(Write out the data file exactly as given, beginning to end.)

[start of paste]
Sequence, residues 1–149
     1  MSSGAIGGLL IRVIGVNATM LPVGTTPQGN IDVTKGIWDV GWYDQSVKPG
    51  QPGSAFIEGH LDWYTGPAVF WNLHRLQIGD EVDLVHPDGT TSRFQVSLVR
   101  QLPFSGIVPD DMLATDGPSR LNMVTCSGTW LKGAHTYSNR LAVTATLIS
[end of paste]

Sequence, residues 1–149
     1  MSSGAIGGLL IRVIGVNATM LPVGTTPQGN IDVTKGIWDV GWYDQSVKPG
    51  QPGSAFIEGH LDWYTGPAVF WNLHRLQIGD EVDLVHPDGT TSRFQVSLVR
   101  QLPFSGIVPD DMLATDGPSR LNMVTCSGTW LKGAHTYSNR LAVTATLIS